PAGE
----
challenging within our markets, because suitable sites at economically feasible
prices are difficult to find. We believe real estate ownership provides a number
of advantages as compared to leasing, including lower operating expenses,
flexibility to expand or otherwise enhance our buildings, long-term control over
the use of the property and the residual value that the real estate may have in
future years. While our preference is to own rather than lease real estate, we
have entered into real estate leases in certain cases and will likely do so in
the future. We currently own undeveloped land in Guatemala City, Guatemala,
Bucaramanga, Colombia, and in Jamaica. We continue to evaluate the optimal
timing to begin warehouse club construction on these sites, given the general
economic conditions, our financial position, and feasibility of these projects
in light of the uncertainties caused by the COVID-19 pandemic.

In the third and fourth quarter of fiscal 2020, we launched our Click & Go™
service, which enables our members to place orders on our website and decide
whether to pick them up curbside at our warehouse clubs or have them delivered.
Our curbside service was available in all 13 of our markets and with delivery
was available in six as of August 31, 2020 and expanded into further markets in
early fiscal 2021. We plan to continue to make investments to scale and create
efficiencies for this service while also continuing to invest in other
omni-channel capabilities that enable e-commerce, by integrating technology,
talent, supply chain and operations to enhance the membership shopping
experience, drive efficiencies and fuel sales growth. We are developing and
implementing technologies that we believe will enhance customer service, provide
greater insight to consumer preferences, facilitate membership sign-ups and
renewals, and maximize use of sales floor space in our brick and mortar clubs.
Our focus will be on launching these additional omni-channel capabilities in a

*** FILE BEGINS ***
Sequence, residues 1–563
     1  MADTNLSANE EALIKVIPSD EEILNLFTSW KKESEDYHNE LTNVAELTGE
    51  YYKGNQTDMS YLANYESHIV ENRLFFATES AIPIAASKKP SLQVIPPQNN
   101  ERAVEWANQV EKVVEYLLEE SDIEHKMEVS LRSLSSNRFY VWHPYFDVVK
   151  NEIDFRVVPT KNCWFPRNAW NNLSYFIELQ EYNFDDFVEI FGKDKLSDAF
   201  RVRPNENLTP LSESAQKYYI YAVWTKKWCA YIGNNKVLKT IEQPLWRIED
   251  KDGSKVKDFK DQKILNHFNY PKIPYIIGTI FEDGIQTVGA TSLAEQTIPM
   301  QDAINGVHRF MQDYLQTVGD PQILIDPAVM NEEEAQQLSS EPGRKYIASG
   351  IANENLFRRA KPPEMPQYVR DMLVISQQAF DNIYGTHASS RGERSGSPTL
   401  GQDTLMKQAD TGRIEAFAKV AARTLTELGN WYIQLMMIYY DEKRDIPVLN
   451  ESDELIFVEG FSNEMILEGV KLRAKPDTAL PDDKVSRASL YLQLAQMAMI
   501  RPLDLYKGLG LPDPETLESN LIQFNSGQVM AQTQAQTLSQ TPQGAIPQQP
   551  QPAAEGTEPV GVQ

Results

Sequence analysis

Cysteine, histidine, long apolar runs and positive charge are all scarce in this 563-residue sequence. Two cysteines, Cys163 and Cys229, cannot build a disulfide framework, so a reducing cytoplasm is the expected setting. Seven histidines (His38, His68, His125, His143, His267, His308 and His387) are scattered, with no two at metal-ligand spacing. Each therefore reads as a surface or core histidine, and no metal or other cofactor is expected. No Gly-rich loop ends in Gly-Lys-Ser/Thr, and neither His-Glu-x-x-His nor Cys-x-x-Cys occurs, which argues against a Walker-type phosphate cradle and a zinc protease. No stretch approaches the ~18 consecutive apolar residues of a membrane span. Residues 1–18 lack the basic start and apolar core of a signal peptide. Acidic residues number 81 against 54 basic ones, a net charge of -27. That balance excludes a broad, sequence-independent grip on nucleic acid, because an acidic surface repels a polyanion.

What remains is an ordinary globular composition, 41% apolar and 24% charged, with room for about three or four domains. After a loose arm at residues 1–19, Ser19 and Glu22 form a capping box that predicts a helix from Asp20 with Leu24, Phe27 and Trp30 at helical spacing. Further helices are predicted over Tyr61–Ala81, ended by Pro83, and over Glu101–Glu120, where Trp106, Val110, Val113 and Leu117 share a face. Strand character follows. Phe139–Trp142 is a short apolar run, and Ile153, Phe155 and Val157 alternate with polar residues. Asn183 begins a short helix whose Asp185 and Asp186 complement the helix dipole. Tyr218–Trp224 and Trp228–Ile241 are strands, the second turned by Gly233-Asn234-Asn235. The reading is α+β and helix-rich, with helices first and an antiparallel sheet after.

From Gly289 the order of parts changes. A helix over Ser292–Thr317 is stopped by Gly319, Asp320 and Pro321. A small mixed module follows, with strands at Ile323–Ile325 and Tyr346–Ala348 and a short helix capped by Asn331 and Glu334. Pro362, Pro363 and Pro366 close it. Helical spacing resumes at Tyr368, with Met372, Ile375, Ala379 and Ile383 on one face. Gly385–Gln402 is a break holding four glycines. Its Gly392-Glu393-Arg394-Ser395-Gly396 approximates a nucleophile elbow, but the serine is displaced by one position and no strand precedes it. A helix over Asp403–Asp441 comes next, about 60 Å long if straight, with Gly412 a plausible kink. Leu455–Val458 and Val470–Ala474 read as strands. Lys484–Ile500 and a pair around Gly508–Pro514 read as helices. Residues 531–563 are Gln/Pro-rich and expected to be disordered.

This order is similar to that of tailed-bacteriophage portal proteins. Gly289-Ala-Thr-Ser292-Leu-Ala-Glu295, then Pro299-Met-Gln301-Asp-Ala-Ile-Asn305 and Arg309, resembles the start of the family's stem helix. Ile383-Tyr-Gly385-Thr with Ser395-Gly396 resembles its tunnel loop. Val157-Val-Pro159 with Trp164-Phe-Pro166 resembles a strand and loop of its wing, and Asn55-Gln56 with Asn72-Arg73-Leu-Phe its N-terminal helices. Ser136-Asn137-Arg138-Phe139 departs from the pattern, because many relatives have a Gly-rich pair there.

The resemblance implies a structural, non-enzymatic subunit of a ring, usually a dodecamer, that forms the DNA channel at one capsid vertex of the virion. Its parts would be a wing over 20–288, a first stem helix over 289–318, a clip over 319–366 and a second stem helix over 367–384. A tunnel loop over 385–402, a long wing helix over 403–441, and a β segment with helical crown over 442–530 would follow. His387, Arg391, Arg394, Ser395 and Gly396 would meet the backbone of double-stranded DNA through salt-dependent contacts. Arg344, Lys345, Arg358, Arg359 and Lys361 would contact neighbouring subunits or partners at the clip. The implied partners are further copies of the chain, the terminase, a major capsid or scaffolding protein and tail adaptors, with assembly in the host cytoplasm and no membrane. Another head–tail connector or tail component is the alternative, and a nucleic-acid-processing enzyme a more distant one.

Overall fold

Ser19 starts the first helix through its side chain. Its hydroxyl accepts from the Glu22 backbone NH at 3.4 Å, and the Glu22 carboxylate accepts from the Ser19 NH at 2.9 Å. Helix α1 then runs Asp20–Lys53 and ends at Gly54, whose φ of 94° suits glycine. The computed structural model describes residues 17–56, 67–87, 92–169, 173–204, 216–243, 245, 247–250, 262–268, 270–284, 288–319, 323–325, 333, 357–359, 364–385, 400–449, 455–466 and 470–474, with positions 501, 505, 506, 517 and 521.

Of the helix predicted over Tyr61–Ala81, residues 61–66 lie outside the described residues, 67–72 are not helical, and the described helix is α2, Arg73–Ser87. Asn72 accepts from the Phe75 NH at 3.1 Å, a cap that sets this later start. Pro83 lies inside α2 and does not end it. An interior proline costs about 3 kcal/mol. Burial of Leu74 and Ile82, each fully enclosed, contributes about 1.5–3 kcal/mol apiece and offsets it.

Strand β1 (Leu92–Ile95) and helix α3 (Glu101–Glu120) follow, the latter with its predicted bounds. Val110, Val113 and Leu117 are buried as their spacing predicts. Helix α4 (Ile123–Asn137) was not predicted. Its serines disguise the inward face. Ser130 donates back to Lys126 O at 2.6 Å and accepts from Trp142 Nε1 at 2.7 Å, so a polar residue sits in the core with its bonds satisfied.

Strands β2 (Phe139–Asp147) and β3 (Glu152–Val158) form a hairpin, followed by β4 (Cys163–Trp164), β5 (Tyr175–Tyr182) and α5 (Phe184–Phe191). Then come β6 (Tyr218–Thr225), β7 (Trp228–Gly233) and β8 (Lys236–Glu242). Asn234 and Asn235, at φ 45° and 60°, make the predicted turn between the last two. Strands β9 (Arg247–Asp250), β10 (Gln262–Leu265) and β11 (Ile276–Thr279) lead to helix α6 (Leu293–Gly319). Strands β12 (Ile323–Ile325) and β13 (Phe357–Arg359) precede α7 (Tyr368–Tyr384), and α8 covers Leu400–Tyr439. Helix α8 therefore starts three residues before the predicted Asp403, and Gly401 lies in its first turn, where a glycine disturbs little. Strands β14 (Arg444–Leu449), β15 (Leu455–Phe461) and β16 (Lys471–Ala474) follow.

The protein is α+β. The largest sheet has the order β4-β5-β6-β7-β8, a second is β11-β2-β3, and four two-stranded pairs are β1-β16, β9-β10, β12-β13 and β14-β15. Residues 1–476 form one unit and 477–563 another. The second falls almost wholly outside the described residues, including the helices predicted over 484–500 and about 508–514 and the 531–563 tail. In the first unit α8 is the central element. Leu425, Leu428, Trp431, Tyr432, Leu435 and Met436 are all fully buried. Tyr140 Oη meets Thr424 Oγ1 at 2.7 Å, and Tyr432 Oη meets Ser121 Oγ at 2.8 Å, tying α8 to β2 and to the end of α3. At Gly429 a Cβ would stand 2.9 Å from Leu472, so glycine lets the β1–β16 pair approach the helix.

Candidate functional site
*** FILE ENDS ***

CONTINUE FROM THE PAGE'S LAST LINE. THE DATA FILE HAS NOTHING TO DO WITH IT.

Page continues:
methodical, phased manner.

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Financial highlights for the fourth quarter of fiscal year 2020 included:

?Total revenues increased 1.2% over the comparable prior year period.


?Net merchandise sales increased 0.5% over the comparable prior year period. We
ended the quarter with 46 warehouse clubs compared to 43 warehouse clubs at the
end of the fourth quarter of fiscal 2019. Foreign currency exchange rate
fluctuations impacted net merchandise sales negatively by 3.6% versus the same
three-month period.

?Comparable net merchandise sales (that is, sales in the 42 warehouse clubs that have been open for greater than 13 ½


calendar months) for the 13 weeks ended August 30, 2020 decreased 4.0%. Foreign
currency exchange rate fluctuations impacted comparable net merchandise sales
negatively by 3.6%.

?Membership income for the fourth quarter of fiscal 2020 decreased 2.2% to $13.1 million primarily due to the decline in the overall account base because of a decrease in in-club traffic from COVID-19.


?Total gross margins (net merchandise sales less associated cost of goods sold)
decreased 0.4% over the prior-year period, and merchandise gross profits as a
percent of net merchandise sales were 15.1%, a decrease of 10 basis points
(0.1%) from the same period in the prior year.

?Operating income for the fourth quarter of fiscal 2020 was $29.0 million, a decrease of 9.3%, or $3.0 million, compared to the fourth quarter of fiscal 2019.


?We recorded a $1.1 million net currency gain from currency transactions in the
fourth quarter of fiscal 2020 compared to a $454,000 net currency gain in the
same period last year, primarily due to a favorable foreign currency exchange